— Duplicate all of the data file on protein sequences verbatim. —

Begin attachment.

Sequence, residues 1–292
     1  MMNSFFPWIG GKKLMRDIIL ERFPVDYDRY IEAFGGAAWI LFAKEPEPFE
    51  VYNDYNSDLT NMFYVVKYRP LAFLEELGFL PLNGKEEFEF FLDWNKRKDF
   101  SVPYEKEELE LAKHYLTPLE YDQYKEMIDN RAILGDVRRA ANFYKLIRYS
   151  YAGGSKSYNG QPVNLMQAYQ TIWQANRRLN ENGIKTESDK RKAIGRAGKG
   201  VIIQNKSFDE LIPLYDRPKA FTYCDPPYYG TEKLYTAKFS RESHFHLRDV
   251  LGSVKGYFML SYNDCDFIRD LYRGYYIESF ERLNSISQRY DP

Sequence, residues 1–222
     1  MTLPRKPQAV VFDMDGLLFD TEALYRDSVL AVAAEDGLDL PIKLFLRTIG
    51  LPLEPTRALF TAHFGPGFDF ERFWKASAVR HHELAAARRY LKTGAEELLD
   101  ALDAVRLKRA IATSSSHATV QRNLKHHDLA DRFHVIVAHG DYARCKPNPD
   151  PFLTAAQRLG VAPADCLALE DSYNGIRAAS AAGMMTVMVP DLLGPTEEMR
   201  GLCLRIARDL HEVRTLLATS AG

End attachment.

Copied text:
Sequence, residues 1–292
     1  MMNSFFPWIG GKKLMRDIIL ERFPVDYDRY IEAFGGAAWI LFAKEPEPFE
    51  VYNDYNSDLT NMFYVVKYRP LAFLEELGFL PLNGKEEFEF FLDWNKRKDF
   101  SVPYEKEELE LAKHYLTPLE YDQYKEMIDN RAILGDVRRA ANFYKLIRYS
   151  YAGGSKSYNG QPVNLMQAYQ TIWQANRRLN ENGIKTESDK RKAIGRAGKG
   201  VIIQNKSFDE LIPLYDRPKA FTYCDPPYYG TEKLYTAKFS RESHFHLRDV
   251  LGSVKGYFML SYNDCDFIRD LYRGYYIESF ERLNSISQRY DP

Sequence, residues 1–222
     1  MTLPRKPQAV VFDMDGLLFD TEALYRDSVL AVAAEDGLDL PIKLFLRTIG
    51  LPLEPTRALF TAHFGPGFDF ERFWKASAVR HHELAAARRY LKTGAEELLD
   101  ALDAVRLKRA IATSSSHATV QRNLKHHDLA DRFHVIVAHG DYARCKPNPD
   151  PFLTAAQRLG VAPADCLALE DSYNGIRAAS AAGMMTVMVP DLLGPTEEMR
   201  GLCLRIARDL HEVRTLLATS AG